She also raised a lot of eyebrows when she told a reporter from the Daily News that Bishop Nicholas DiMarzio offered her a $5,000 bribe to drop the legislation when he met with the lawmaker in 2007. (Markey originally told a reporter it was in 2010, but later corrected the year.)
Markey said the Bishop told her the money was to help pay for counseling for a family member who had been abused, and in return she would withdraw her bill.
The accusation didn't sit too well with the bishop, who immediately fired off a two-page letter to Markey demanding that she recount the accusation. Meanwhile, a nun who says she was present at the meeting backed up the bishop, saying the subject of a bribe never came up.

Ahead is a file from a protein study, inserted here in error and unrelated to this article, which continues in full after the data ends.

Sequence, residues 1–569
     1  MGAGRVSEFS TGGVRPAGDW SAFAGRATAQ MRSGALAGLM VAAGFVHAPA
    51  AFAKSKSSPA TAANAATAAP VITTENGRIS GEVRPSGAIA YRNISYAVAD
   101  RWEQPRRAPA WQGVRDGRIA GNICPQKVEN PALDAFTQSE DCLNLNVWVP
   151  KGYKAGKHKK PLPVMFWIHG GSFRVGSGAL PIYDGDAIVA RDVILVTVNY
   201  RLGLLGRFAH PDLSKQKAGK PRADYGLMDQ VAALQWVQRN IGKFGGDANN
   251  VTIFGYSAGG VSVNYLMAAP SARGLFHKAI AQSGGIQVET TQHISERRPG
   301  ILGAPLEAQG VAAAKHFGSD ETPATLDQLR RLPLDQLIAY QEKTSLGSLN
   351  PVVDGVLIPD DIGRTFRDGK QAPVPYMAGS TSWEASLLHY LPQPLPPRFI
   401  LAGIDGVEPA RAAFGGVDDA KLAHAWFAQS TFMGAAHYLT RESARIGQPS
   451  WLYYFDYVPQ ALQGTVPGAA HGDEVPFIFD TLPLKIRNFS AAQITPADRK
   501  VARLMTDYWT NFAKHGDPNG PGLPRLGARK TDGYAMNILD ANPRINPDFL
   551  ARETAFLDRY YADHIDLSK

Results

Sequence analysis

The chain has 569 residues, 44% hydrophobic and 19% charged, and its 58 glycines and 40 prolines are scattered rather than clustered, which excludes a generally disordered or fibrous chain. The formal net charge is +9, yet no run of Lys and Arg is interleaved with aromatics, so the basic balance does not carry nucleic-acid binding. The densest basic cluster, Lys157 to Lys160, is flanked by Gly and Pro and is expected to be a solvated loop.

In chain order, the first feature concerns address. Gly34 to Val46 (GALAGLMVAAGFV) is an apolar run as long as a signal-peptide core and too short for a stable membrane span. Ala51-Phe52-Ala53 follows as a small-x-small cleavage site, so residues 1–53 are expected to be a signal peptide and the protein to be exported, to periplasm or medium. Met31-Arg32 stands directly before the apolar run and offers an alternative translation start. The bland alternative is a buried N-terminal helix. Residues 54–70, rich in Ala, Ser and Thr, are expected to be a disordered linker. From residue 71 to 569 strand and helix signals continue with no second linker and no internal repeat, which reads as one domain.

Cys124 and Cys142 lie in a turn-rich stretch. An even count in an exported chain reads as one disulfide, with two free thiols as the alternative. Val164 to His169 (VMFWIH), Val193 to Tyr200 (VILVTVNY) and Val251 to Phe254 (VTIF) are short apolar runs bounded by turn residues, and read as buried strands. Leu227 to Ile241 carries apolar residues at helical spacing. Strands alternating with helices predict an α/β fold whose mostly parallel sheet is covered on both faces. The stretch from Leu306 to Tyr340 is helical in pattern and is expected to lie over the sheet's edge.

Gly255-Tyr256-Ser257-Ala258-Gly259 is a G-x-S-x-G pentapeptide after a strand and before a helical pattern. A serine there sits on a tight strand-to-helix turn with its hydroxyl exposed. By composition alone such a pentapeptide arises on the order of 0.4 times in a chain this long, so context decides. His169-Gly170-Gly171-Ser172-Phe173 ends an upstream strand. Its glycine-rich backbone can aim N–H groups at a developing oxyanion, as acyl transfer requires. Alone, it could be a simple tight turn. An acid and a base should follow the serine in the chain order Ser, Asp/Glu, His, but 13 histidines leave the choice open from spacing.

Markey refuses to back down, and the issue is at a stalemate. Unless of course you plan on mounting a challenge to Markey in next year's election, in which case the issue is very much in play.
Brian Barnwell has already started aggressively fundraising and getting his name out there well in advance of the 2017 primary, and he wasn't about to let the bribe accusation and the bishop's denial sit untouched.
Barnwell focused on the fact that it took years for Markey to finally bring the bribe offer to light, calling the assemblywoman's silence “troubling.”
“If true, it begs the question, has Markey been offered other bribes that she hasn’t felt required to come forward about?” Barnwell wrote in an email to supporters and the press.
We have a felling this isn't the last we are going to be hearing about this $5,000.